We played it Friday and I liked it. I do recommend getting the expansion that lets you buy stuff with your Valhalla tokens, though,
Played a couple games of vanilla Champions and one with the expansions. Fun game, definitely need to play it more.
I appreciate Energy Empire more as well despite the theme of Waterdeep being a bit more appealing for me.
Waterdeep lacks dramatic moments and build-up I’m looking for. In Energy Empire, your turns get progressively bigger and more grand as you get more buildings set up. There’s also a really nice pacing to big moves where you often need to take a few small moves in between. When you pull off a huge turn using a ton of energy and workers in a single turn, it’s extremely satisfying.
I think Waterdeep is a much more even experience. Finishing quests is a little exciting, but nothing really punches in a dramatic way in that game. I think it lacks drama. The dice and combat in Champions of Midgard seems like a clever way to combat it. I also prefer The Godfather for its dramatic shoot-outs and crazy ally abilities. I still like Energy Empire the most. Its build-up is so exciting. I can’t wait for my next turn. And I love how the theme is executed throughout.
Russian Railroads is my personal favorite worker placement game. It also has an extremely dramatic engine build-up (with players shooting into the 400 point range in most games). I like it most because I think it best manages limiting options in a very strategic way. You’ll want to find a strategy that isn’t competing with any other players to succeed. So you have to watch everyone carefully, understand what they’re going for, and tailor your strategy to stay out of their way. I find it the most interesting execution of the worker placement blocking tension.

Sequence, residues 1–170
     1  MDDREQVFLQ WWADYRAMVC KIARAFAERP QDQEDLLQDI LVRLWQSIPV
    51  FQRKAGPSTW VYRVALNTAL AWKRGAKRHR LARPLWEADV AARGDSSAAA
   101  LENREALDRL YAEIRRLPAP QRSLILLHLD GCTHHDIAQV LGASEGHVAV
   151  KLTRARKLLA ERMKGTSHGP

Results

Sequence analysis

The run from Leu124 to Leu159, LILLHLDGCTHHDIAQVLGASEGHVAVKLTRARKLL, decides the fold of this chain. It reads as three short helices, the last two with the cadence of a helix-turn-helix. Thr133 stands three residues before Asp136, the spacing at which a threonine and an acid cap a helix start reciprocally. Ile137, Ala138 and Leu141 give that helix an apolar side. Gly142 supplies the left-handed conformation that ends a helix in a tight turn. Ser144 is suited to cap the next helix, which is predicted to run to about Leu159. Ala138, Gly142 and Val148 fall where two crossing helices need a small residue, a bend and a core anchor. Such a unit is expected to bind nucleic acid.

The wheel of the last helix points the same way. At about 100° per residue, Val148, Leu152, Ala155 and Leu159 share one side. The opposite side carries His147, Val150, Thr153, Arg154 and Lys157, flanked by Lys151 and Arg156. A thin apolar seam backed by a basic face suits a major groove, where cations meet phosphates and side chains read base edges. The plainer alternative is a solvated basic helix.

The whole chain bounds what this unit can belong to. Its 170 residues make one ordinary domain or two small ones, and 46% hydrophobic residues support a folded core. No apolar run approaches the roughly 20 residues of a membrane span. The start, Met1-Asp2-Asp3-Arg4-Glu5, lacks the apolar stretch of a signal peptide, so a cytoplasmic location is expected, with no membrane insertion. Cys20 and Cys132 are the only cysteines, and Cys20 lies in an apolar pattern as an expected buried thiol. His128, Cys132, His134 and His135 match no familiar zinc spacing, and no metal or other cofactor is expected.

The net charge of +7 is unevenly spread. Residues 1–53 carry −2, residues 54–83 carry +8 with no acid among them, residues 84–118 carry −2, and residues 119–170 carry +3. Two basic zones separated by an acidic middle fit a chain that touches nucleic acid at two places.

lol yes much yelling over voicechat every time that happened
Has anyone here played Feudum? I am intrigued and wondering how I missed the KS for this game.
Laffo! I outright REFUSE to play Lords of Waterdeep without the expansion at this point. The base game I would say is a terrible play. The expansion introduces EPIC quests for huge point swings and the salvation in the corruption mechanic. If everyone is corrupt, IT IS TERRIBLE. If only a couple people are corrupt, IT IS AMAZING. And it makes all the difference in the world.
The one game of Lords of Waterdeep I played was with I think both expansions and I was not super impressed. Didn’t help that the lord I got was the beholder, who instead of getting an actually actionable bonus just makes corruption suck slightly less, which is not remotely competitive with any of the others I’ve seen.